One in seven home networks in North America are infected with malware, a recent study has revealed. Half the threats detected during Q3 2012 were made up of spam-spewing zombies or banking Trojans while the remainder were mostly adware and other lesser threats, according to a study by Kindsight Security Labs. The study was based …
All down to the quality of their education.
How can Americans be *this* dumb?
Massive assumption: the results are accurate and not "45 minutes" sexed-up bullshit.
It's not just the USA, it's everywhere. Computers are like cars, almost everyone uses them but very few understand how they work or are capable of even basic maintenance. The analogy with cars goes even further given than it is increasingly difficult to do work on a car without access to specialist equipment, and in the computer world it is increasingly difficult to replace parts without access to specialist equipment.
The other big issue is the homogeneous nature of most networks. Windows all the way down and suffering all the ills that brings. Although it is interesting how Linux is now being infected (Android is a Linux, remember).
Android is not "a Linux", it's just the Linux kernel bolted to some sick insecure userspace, designed by people not understanding the basic problems of software security.
@Christian Berger - Android is not "GNU/Linux" as it has no GNU components. It does run a patched version of the Linux kernel (and I believe those patches are being mainstreamed). This makes it "a Linux" or, to give it its full name "Android/Linux" or possibly "Goog/Linux".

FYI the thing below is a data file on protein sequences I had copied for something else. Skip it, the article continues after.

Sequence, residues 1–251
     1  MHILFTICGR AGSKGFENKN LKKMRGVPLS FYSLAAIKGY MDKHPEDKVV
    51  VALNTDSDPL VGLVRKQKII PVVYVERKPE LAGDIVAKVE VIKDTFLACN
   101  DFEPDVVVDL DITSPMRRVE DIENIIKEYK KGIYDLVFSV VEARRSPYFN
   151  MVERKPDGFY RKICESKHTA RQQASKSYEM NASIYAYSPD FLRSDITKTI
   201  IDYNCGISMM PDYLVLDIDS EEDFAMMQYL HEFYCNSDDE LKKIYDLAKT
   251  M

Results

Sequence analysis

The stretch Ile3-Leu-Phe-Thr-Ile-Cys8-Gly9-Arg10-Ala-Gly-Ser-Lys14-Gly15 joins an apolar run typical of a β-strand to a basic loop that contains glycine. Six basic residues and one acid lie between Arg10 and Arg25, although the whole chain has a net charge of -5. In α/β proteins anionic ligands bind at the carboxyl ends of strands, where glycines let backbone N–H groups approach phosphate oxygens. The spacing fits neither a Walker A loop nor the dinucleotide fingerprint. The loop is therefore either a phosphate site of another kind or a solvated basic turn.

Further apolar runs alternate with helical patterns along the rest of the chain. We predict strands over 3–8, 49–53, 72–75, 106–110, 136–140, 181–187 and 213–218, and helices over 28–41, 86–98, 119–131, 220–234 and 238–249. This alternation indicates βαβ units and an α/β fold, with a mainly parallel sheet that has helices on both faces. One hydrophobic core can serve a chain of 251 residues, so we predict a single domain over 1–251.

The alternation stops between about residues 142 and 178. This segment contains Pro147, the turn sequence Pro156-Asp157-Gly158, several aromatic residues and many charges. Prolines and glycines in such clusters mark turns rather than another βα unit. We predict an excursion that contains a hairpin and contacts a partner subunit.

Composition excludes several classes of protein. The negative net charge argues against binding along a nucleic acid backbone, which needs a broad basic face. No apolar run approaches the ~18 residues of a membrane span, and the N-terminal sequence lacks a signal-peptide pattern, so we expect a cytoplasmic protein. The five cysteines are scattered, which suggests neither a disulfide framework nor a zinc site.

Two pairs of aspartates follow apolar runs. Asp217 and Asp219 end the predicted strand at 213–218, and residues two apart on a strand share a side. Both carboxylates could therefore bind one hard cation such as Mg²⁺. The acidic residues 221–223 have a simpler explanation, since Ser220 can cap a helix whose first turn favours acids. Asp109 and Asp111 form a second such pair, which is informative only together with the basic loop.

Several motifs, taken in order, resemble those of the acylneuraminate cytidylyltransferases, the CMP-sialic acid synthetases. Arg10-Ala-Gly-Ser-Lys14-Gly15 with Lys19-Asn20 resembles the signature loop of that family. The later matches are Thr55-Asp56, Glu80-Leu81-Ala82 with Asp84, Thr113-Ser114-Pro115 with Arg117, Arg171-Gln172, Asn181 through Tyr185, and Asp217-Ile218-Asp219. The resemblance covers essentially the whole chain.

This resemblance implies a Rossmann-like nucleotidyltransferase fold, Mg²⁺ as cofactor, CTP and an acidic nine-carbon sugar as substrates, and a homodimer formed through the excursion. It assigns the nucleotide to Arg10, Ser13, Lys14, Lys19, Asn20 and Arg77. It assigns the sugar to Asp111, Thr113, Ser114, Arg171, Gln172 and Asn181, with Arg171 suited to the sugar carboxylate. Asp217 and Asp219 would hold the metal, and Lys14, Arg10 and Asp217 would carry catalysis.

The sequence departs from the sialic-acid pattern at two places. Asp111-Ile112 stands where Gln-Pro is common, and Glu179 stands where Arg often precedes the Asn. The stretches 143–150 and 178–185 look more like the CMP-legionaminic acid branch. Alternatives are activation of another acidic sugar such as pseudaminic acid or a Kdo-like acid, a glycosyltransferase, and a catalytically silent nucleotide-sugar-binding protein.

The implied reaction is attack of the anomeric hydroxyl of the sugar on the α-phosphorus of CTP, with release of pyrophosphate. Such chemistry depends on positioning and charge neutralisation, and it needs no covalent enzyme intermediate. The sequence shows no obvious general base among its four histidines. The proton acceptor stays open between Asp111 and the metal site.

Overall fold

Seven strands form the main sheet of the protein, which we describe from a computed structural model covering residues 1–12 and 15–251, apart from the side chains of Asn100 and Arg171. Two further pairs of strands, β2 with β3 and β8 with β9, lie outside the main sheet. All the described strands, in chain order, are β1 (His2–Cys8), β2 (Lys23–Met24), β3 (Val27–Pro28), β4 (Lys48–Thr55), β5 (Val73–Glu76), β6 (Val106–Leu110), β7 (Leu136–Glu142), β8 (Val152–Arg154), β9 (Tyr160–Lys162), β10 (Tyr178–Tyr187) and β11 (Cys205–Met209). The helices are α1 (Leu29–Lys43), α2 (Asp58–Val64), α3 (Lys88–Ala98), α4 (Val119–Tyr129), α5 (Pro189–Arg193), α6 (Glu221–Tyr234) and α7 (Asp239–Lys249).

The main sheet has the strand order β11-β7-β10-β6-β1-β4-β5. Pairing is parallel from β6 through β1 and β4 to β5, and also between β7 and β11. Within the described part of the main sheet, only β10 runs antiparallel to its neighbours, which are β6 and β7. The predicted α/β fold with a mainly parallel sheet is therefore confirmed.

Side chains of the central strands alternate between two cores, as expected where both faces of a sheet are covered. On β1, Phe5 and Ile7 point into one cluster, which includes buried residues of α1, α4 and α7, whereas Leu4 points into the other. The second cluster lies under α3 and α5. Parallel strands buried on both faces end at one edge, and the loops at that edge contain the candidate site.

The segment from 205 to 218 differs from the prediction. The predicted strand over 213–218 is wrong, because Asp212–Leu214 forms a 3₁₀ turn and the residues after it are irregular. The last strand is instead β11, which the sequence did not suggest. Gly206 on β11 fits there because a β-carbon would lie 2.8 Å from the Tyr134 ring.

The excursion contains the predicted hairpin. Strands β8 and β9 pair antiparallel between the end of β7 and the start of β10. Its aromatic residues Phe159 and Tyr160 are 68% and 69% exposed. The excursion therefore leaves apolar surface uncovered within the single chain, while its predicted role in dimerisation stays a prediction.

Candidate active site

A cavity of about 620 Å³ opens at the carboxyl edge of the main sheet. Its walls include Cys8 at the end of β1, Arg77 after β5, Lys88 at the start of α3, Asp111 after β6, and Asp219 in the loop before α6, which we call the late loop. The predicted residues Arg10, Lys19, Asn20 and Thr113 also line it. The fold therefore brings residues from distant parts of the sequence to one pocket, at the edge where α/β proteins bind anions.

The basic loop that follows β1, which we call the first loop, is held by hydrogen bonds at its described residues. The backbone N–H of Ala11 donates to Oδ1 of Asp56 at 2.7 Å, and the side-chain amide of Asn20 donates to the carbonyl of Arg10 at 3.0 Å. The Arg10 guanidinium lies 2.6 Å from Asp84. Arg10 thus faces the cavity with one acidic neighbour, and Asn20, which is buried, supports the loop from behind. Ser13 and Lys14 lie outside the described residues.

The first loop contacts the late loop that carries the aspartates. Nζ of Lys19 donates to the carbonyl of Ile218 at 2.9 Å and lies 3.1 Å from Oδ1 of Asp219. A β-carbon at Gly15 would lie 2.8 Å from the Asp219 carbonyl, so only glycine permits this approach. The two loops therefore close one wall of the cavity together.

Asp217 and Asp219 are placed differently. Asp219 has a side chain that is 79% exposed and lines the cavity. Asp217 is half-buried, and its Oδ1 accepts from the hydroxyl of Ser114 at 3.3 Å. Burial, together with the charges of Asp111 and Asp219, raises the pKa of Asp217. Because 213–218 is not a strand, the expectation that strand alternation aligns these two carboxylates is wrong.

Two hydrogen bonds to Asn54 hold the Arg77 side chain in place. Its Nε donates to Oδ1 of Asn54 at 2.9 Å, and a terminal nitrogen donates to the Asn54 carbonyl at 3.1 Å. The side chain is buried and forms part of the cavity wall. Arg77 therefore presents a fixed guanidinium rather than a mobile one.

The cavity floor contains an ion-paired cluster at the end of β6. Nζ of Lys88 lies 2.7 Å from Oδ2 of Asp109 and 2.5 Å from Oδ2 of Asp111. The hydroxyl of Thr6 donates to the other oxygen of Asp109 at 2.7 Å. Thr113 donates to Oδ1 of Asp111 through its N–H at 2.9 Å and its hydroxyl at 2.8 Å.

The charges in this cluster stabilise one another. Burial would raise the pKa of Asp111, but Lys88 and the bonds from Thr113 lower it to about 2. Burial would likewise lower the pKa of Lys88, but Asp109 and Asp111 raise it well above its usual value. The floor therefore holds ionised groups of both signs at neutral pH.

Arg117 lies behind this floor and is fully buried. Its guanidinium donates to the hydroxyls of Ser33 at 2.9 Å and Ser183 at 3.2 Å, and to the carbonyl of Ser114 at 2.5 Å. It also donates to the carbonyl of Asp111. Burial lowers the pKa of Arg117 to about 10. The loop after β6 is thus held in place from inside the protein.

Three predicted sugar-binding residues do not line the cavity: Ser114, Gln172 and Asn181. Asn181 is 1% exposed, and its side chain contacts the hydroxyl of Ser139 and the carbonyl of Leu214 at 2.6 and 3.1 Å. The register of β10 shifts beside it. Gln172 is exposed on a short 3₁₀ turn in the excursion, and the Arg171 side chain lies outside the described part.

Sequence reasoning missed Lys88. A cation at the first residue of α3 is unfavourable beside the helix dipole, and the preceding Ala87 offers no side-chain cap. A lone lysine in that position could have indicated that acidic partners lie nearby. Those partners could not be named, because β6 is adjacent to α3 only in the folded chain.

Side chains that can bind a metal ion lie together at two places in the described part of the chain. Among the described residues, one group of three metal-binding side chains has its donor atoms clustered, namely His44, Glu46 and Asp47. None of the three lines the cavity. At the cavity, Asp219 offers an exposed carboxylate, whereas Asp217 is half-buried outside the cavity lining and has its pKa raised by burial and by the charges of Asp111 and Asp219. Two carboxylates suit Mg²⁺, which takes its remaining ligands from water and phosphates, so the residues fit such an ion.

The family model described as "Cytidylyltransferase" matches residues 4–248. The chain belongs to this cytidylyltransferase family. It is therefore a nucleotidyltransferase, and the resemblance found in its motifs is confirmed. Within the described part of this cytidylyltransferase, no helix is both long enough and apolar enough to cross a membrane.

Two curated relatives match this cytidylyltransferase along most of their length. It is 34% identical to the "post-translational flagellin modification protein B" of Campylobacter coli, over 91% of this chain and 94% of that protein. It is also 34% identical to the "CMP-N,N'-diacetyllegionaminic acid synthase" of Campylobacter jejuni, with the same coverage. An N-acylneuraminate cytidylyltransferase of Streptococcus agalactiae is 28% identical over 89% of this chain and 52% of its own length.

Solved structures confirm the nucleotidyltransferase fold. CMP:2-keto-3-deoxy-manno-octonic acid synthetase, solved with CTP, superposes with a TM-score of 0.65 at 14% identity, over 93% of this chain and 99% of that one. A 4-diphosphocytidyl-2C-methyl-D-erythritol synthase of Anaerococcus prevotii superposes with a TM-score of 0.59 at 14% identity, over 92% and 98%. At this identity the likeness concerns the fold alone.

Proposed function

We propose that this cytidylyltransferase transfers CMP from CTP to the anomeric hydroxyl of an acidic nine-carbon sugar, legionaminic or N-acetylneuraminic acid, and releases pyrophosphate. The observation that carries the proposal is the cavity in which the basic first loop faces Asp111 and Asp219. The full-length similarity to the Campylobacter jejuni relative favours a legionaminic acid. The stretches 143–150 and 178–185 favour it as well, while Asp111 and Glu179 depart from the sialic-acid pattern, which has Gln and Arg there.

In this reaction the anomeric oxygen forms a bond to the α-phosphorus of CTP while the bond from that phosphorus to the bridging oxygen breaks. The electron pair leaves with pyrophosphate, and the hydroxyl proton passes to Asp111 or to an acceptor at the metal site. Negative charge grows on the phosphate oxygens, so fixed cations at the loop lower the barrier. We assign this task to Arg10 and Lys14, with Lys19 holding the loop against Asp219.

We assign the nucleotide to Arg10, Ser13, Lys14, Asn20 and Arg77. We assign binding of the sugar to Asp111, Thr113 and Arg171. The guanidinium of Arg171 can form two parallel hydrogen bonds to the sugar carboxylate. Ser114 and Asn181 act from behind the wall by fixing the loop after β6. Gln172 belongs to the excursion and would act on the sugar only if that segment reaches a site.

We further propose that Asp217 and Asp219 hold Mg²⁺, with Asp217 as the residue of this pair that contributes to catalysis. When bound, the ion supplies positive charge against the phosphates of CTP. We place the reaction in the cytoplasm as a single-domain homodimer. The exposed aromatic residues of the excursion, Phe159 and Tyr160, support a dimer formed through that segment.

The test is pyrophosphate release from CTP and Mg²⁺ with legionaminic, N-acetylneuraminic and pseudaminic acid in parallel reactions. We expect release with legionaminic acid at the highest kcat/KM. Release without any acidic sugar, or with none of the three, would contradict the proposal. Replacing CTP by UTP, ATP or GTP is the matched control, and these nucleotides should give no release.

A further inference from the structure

And to think only a few days ago we were wondering why spam levels were so low after Sandy.
Still, I can't recommend it as a solution. Given a choice, I'd rather deal with the spam and have the several hundred people back, thanks. (Hullo, ghod? Are you listening up there?)
If the analysis is accurate, report the supernodes and have the ISPs block them until resolved.
If the analysis is accurate...
Is a *bastard* to remove.....
Do it the American way
Send the local sheriff round and get him to "Pop a Cap" in the offending piece of hardware.......
I'm glad I'm not the sad type of pedant who would feel obliged to add a comment just to point out that 13% is (approx) one in eight, not one in seven.
Not clicking that
"Kindsight therefore has a vested interest in talking up the malware threat..."
That's not what's tainting the results. Most people would never install Kindsight's software. Those that would have likely installed many worse things.
"Most people would never install Kindsight's software."
I may be wrong, but I was under the impression that the software being installed here was run centrally by the ISP.
Certainly that's what UK ISPs NTL (big) and Metronet (LITTLE) and maybe others used to do in the days when they each had a separate facility to centrally monitor some customer traffic and put the customer in a "walled garden" till things were sorted out if certain virus-related signs were spotted in their traffic.
'Course that requires ISPs with a bit of a clue, and a bit of motivation, and the UK ISP market is largely dominated by the race for the gutter these days.
There's probably a strong correlation between people who use an ISP which takes part in such a "Phorm" attack, and don't tunnel out their traffic to a trusted ISP, and people who have malware on their systems. So the measurement is skewed, at least a bit.
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